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On Nuclear Treaty, at Least, Biden Aims for Fresh START With Russia

Washington and Moscow look set to keep New START alive with working-level talks, despite historic tensions.

Foreign Policy, By Robbie Gramer, a diplomacy and national security reporter at Foreign Policy. 11 Nov 22

The Biden administration has announced that it will restart nuclear arms control talks with Russia, even as tensions spike over the latter’s war in Ukraine, coupled with the threat of Moscow using nuclear weapons.

The talks are expected to take place in Cairo in the near future, current and former U.S. officials said, and represent the first move by both sides to revive their mutual arms control agenda since U.S. President Joe Biden first halted dialogue after Russia launched its invasion of Ukraine in February…………………………………

The existing arms reduction treaty, New START, caps the number of intercontinental-range nuclear weapons in both Washington’s and Moscow’s arsenals and allows each side to conduct on-site weapons facility inspections in the other country. This allows experts from each country to visit the other country’s weapons sites to view the number of nuclear weapons, launch vehicles, and other details to confirm that both sides are adhering to the treaty. The treaty allows up to 18 on-site inspections per year.

It is the last remaining arms control treaty in place between Russia and the United States, which respectively have the first- and second-largest nuclear arsenals in the world. Under the terms of the treaty, which was first signed in 2010, both countries agreed to cap the number of nuclear warheads they could deploy on delivery systems to 1,550…………………..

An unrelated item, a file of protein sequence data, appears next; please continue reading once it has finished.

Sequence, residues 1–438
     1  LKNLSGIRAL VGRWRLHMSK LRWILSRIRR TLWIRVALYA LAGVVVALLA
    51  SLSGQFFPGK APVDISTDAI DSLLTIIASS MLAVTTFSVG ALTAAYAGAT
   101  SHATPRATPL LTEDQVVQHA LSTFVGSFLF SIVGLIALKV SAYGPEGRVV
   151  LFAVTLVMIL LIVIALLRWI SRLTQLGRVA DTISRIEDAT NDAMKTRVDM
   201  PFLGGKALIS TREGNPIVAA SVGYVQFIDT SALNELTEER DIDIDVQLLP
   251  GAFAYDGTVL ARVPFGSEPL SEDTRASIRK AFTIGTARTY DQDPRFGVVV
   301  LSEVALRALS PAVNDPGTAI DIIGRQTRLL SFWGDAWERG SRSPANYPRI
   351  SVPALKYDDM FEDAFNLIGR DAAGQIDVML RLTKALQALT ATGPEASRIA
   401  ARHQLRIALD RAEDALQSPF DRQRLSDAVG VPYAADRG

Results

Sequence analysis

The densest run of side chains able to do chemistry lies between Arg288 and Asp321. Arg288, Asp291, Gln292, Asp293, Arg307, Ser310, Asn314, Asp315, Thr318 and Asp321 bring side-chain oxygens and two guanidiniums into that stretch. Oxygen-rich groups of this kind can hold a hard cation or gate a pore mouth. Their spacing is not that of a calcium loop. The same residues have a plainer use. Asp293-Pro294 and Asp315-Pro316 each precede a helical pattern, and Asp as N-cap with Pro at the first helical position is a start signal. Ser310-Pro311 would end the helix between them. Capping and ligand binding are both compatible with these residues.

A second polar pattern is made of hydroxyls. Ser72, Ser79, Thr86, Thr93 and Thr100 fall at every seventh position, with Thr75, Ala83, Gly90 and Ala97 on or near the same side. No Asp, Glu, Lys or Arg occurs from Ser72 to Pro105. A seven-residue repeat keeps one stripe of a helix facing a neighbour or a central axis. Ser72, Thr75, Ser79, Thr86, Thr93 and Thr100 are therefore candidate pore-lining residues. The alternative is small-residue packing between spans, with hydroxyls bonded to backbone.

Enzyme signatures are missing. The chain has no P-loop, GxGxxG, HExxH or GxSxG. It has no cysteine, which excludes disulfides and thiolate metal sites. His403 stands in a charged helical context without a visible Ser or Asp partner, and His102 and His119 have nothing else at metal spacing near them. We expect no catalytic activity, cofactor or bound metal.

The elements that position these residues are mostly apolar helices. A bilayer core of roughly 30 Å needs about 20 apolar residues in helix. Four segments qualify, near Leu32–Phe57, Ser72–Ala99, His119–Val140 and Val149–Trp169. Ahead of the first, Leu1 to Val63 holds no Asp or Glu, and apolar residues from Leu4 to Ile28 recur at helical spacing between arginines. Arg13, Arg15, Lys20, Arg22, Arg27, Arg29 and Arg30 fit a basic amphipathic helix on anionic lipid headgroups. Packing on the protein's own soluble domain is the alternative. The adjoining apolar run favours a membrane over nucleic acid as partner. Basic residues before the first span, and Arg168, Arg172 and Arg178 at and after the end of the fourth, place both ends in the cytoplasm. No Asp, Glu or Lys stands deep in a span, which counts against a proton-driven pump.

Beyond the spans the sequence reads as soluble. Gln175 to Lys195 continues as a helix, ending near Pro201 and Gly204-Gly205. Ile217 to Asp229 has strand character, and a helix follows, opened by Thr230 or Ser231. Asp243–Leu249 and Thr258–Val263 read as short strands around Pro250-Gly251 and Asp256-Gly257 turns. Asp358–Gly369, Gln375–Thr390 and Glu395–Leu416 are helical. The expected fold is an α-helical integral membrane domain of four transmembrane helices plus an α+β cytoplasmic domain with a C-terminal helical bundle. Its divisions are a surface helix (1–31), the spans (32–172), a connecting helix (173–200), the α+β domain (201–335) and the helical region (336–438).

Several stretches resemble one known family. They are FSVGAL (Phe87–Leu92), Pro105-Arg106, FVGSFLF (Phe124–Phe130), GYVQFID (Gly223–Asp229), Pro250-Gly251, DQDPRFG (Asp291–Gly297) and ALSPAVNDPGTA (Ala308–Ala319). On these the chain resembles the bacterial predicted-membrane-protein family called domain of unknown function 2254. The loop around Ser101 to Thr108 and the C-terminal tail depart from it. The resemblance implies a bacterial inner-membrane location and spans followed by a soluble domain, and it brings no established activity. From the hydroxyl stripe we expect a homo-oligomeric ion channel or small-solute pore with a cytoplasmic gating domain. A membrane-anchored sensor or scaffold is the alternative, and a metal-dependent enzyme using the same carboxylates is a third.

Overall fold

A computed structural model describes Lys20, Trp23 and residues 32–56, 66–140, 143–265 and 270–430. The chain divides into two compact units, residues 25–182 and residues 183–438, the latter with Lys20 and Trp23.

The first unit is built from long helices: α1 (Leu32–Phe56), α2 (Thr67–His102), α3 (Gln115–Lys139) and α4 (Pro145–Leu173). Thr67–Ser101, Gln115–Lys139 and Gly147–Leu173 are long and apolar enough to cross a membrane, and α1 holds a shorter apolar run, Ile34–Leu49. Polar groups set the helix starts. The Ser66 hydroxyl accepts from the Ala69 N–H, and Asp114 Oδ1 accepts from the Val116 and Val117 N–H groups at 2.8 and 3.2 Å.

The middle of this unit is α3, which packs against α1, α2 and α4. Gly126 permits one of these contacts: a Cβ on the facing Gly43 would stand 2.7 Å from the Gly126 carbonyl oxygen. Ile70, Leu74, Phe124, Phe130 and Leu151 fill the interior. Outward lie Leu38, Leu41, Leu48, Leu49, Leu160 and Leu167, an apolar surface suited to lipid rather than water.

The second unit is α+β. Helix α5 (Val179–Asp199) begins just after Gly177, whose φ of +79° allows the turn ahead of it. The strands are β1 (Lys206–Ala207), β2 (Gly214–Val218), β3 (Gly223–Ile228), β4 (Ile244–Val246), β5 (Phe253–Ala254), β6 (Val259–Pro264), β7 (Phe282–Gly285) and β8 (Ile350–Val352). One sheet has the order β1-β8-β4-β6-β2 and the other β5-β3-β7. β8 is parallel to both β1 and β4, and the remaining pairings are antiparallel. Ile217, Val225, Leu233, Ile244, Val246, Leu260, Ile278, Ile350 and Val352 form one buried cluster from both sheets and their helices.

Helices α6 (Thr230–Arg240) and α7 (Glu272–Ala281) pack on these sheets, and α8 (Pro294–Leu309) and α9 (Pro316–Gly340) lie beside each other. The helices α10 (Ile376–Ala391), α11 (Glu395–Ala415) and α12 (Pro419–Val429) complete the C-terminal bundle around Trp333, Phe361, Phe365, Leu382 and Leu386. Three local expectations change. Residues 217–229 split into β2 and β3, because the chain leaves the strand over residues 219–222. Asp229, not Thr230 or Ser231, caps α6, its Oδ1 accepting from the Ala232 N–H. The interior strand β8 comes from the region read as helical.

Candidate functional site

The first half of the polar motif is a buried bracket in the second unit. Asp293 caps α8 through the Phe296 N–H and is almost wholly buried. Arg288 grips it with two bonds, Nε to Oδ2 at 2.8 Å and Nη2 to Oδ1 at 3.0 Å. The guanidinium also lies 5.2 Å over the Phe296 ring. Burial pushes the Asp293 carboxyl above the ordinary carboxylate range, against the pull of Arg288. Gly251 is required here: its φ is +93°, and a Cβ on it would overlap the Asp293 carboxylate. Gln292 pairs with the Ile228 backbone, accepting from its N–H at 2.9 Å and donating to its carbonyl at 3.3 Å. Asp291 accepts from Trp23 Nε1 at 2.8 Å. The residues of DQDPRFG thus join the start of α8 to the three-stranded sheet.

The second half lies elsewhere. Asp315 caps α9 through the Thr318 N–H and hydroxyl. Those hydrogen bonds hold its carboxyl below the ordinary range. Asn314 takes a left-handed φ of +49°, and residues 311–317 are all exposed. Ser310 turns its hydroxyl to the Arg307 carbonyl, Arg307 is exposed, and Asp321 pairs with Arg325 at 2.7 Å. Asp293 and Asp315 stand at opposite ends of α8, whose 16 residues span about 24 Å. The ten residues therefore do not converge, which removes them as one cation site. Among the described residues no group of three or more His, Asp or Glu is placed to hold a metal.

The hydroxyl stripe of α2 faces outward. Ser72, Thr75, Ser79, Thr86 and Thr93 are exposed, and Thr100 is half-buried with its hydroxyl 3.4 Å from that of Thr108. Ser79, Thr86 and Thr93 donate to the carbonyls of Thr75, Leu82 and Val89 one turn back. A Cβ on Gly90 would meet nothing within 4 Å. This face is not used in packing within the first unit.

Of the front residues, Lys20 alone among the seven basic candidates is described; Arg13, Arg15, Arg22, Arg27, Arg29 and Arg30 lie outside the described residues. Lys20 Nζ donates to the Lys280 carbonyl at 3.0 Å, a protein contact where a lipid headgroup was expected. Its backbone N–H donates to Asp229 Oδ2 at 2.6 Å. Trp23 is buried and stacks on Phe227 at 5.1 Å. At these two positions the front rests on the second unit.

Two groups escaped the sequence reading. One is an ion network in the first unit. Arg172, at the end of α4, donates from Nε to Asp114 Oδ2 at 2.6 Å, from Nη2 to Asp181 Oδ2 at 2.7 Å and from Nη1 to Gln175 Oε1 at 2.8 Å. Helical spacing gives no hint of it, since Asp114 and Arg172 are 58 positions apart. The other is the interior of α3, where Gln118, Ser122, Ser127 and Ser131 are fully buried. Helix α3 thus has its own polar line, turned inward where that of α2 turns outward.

Reviving the New START talks has been a quiet goal of the White House and State Department since at least this summer, according to current and former U.S. officials familiar with the matter, and scheduling a new meeting with the Russians on the issue has been in the works for months. Rose Gottemoeller, a former NATO deputy secretary-general and top U.S. arms control envoy who helped negotiate New START in 2009-10, welcomed the move and said the latest nuclear discussions shouldn’t be seen as any sort of concession to Russia.

“We don’t always get to choose with whom we negotiate, but if we’ve got an issue that’s in our national security interest, we have to work it,” said Gottemoeller, now a scholar at Stanford University. “We’ve achieved agreements with the Russians during some very dark hours in our bilateral relationship in the past.” ……………..

November 11, 2022 - Posted by | politics international, Russia, USA

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